- In 2018, Apple offered iPhone users a new battery for $US29, down from $US79.
- Apple replaced 11 million batteries through the program, up from 1 million to 2 million it might have normally replaced, according to remarks by Apple CEO Tim Cook reported by Daring Fireball.
- It shows that more people would replace their phone batteries if the price were lower.
- Apple’s $US29 battery-replacement program is over, but it has quietly reduced prices: To replace the battery of an iPhone that came out last year costs $US69, and older-model battery swaps now cost $US49.
Last winter, Apple faced one of its toughest scandals yet.
People had discovered that Apple updated its iPhone software to slow down the top speed of its processor to save battery health on older devices.
The revelation caused an uproar. One of the oldest Apple conspiracy theories – that it slows down old phones through software updates – seemed to be true.
Apple’s response was to discount some battery replacements for a limited time, slashing the price to $US29 from $US79. This was done for many reasons, including to regain consumer trust and fend off pending class-action suits over the software.
Apparently, people took advantage of the offer. Apple replaced 11 million batteries in 2018 under the program, Daring Fireball’s John Gruber wrote on Monday, citing remarks by Apple CEO Tim Cook at an internal all-hands meeting. Gruber reported that Cook said Apple might have normally replaced 1 million to 2 million batteries.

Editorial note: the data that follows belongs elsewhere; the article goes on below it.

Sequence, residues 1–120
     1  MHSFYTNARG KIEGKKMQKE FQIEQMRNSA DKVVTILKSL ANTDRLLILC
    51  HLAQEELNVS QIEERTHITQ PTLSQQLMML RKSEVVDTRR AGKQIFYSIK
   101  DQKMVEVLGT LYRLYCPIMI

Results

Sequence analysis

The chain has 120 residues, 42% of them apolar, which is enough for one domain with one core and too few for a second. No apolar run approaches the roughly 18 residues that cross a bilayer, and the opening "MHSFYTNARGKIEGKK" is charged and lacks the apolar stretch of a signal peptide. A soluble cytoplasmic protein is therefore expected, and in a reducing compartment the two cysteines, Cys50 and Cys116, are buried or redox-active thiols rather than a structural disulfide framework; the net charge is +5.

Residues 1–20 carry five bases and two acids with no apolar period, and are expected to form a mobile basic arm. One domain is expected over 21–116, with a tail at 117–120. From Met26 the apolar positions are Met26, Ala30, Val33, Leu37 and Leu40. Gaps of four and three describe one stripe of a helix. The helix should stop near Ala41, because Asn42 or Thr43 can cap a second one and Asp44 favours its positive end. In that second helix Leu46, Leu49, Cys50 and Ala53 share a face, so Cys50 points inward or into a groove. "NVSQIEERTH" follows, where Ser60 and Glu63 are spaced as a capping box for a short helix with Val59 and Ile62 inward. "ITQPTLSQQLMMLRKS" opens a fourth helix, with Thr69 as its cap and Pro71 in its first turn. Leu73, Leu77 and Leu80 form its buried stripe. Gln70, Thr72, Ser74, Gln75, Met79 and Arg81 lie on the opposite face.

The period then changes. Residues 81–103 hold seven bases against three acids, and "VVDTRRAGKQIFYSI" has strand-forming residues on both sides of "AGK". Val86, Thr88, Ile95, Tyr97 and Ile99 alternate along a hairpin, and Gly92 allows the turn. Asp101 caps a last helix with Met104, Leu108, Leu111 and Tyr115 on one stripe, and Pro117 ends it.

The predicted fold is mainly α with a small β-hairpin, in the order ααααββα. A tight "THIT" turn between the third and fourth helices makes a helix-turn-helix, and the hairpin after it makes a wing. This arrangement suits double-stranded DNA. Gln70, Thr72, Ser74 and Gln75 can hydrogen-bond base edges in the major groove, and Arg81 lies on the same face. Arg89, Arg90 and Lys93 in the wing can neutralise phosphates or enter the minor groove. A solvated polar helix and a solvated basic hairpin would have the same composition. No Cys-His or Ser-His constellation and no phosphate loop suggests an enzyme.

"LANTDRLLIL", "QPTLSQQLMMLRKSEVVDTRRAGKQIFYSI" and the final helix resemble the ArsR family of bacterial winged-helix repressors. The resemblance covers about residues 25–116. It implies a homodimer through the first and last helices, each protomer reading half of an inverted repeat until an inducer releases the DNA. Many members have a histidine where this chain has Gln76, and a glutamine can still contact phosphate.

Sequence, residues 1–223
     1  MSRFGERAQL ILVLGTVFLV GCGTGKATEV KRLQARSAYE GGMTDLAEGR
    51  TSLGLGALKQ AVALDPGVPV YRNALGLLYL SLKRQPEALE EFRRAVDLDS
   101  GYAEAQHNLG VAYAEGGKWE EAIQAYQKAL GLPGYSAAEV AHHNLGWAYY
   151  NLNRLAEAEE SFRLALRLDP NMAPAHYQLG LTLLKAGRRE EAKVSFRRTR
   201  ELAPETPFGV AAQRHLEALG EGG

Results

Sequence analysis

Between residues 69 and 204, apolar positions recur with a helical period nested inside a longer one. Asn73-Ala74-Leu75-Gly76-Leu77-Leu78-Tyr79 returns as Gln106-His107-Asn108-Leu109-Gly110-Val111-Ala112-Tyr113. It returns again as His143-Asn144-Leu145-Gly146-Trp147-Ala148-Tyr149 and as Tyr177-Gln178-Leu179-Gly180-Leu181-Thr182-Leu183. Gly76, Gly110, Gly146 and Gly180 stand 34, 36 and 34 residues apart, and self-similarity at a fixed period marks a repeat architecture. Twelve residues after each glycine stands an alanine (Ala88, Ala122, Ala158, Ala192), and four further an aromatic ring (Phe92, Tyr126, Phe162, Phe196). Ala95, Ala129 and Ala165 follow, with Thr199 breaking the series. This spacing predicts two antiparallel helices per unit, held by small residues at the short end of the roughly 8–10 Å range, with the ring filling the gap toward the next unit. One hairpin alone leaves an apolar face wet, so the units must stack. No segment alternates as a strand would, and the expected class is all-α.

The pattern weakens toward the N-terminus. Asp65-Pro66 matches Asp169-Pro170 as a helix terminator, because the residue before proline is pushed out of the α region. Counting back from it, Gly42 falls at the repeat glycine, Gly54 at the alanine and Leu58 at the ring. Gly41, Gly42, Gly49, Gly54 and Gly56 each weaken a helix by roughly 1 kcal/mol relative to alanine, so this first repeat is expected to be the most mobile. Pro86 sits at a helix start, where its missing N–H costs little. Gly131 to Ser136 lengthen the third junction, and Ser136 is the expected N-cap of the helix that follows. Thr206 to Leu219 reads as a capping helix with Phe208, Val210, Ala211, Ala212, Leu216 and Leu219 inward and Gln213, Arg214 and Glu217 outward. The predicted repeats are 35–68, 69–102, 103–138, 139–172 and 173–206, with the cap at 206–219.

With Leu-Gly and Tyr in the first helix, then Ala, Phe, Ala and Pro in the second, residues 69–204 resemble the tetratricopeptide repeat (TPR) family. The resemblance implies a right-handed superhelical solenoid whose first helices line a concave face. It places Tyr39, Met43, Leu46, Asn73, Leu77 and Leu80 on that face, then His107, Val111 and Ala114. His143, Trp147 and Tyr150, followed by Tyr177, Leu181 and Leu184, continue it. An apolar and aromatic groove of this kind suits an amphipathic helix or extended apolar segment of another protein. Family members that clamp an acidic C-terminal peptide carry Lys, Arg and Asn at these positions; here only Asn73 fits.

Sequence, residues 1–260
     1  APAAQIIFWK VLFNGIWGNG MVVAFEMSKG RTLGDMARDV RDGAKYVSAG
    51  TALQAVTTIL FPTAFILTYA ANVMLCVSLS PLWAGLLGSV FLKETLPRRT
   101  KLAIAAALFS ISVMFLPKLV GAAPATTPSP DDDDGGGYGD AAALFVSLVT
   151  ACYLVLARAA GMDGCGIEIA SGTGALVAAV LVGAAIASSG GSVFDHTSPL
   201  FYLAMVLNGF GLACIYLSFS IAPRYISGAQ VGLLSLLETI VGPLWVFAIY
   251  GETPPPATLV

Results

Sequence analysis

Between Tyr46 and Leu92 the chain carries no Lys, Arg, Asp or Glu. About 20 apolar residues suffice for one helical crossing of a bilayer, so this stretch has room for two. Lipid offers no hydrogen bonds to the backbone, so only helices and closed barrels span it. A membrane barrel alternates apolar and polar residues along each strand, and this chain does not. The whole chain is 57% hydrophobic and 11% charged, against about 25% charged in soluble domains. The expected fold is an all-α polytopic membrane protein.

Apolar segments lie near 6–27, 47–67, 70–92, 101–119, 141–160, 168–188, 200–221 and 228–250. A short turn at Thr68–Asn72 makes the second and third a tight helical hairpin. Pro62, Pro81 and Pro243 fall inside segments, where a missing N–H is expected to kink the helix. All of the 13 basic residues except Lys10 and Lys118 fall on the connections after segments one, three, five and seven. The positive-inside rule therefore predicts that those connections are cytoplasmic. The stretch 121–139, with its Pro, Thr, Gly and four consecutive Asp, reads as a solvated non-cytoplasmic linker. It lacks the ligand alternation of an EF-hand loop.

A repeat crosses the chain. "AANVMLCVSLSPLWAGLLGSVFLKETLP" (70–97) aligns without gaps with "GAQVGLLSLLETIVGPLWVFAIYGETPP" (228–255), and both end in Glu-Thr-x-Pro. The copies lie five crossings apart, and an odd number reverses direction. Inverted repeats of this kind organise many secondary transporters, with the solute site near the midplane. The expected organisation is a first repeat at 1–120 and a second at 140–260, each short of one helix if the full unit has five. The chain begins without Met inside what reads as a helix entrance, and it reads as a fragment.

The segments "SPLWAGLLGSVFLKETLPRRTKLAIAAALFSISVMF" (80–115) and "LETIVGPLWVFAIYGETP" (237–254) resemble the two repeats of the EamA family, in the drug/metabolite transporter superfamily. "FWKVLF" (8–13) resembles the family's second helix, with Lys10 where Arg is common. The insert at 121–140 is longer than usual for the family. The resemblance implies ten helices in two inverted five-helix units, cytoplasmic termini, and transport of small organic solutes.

The number of battery replacements isn’t surprising. Last January, shortly after the program was announced, Apple Stores were slammed by customers looking for cheap new batteries,Business Insider reported. Some stores had to set up triage-like systems, with stations or tables devoted to helping people who wanted a battery replacement, retail employees said.
Gruber said the battery-replacement program might have affected iPhone sales – the company cited lower sales when it said earlier this month that it had collected at least $US5 billion less in revenue during the holiday quarter than it had told investors to expect. The battery-replacement program was even mentioned in Cook’s letter to investors as one reason for the miss.
That’s possible if a large percentage of the 11 million battery upgraders decided to pass on last year’s new iPhone models, figuring that a new battery made their old phone feel like new. But it also underscores that there is considerable consumer demand for smartphone-battery replacements and that Apple’s traditionally high prices for swapping a battery may persuade people to simply get a new iPhone.
Apple’s $US29 battery-replacement program is over, but it has quietly reduced prices for out-of-warranty battery replacements: It now costs $US69 to replace the battery of an iPhone that came out last year and $US49 for older iPhone models.
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